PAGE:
This post is one that I am doing to model the suggestion I made through the Summer Blogging Challenge that I posted recently. I really believe that we need to model what we ask of others and I also know that is important to share some of the other great ideas and stories being shared by others through social media.
I recently found this great post by Chris Wejr through his Twitter feed about small things that can make a difference and I was absolutely moved by his story. Chris was extremely comfortable sharing how people connected with his children and went way beyond what they had to do within their normal job expectations:
These guys (the one on the left in particular) could drive on and do their job as they have been directed to do. Instead they take the 45 seconds to do their job AND make a small effort to make a big difference to my daughters. Why do they do this? I am not sure but I would assume that they want to make my daughters smile; in addition, the feeling they get from the waves and smiles from the girls probably brightens their day too.
In my own learning, it is amazing to see when people feel they have a purpose and the flexibility to go above and beyond what is expected of them. It is through this where people find true satisfaction in what they do, and you always see that the best teachers do this. I have often said that if the only thing that the teacher does in a school is teach the curriculum, they have let their kids down. There is so much to teaching than simply sharing content so we have to do our best to empower our students to become learners that lead the way.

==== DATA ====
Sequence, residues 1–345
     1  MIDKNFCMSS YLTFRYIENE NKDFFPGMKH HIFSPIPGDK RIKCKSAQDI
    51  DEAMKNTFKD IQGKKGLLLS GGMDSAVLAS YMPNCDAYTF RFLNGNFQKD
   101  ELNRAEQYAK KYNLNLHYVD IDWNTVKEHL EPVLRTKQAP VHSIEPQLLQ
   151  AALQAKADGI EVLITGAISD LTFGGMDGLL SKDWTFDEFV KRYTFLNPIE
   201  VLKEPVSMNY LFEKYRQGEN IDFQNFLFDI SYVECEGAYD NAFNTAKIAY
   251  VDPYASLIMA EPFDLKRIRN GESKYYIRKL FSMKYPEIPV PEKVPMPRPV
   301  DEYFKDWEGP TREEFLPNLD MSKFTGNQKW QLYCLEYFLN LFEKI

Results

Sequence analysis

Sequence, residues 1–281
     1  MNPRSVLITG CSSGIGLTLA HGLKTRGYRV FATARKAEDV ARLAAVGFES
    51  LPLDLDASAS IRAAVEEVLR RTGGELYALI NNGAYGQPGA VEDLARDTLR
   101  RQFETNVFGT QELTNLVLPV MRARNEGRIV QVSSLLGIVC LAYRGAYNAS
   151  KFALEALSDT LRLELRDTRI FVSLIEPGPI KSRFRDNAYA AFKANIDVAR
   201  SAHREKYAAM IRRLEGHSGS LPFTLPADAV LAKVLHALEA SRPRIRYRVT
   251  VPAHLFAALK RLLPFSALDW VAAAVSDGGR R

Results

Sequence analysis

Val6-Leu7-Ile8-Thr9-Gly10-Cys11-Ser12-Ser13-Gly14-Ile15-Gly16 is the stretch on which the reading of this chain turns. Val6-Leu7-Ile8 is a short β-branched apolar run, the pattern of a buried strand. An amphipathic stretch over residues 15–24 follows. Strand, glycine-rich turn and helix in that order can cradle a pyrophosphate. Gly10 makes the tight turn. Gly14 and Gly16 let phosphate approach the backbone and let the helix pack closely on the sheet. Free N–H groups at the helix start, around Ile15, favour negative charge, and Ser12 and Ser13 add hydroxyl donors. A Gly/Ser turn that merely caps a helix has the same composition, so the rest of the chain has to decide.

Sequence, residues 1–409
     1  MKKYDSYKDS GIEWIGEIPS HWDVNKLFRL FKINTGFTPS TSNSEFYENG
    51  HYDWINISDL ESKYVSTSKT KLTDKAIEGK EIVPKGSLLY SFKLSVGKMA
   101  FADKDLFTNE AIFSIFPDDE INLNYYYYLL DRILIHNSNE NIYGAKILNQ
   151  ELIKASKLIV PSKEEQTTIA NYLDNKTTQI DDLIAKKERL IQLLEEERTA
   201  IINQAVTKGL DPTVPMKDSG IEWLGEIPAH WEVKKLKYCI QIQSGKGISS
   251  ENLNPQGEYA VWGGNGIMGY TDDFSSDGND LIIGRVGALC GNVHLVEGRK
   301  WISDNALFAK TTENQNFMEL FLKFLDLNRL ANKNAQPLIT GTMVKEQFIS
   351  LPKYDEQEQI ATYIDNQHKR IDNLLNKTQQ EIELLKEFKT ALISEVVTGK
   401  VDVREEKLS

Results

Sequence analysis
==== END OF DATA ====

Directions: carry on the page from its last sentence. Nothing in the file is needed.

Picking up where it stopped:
Barry Schwartz talks about the limitations of rules and what happens when do not provide the flexibility to people to have the wisdom draw outside the lines:
Rules and incentives may improve the behavior of those who don’t care, though they won’t make them wiser. But in focusing on the people who don’t care—the targets of our rules and incentives—we miss those who do care. We miss those who want to do the right things but lack the practical wisdom to do them well. Rules and incentives won’t teach these people the moral skill and will they need. Even worse, rules can kill skill and incentives can kill will.
What I love about what Chris talks about is that this story that has nothing to do with school yet everything to do with learning is a great way to connect emotionally with people. Data is important in our work and is something that we need to continue to build upon. Still data does not move people; stories do.
So a couple of questions and thoughts from this:
How do we cultivate a culture in our schools that has teachers feeling comfortable to go beyond their job, take risks, and be innovative?
How do we create a culture where teachers feel comfortable sharing their amazing stories with a larger audience? It is important that we share them with our own school communities but I think it is powerful that we share them with a larger audience as well.
Thank you Chris for sharing this great story; we need to do this more.
If you are interested in the Barry Schwartz video on wisdom, check out the Ted Talk below: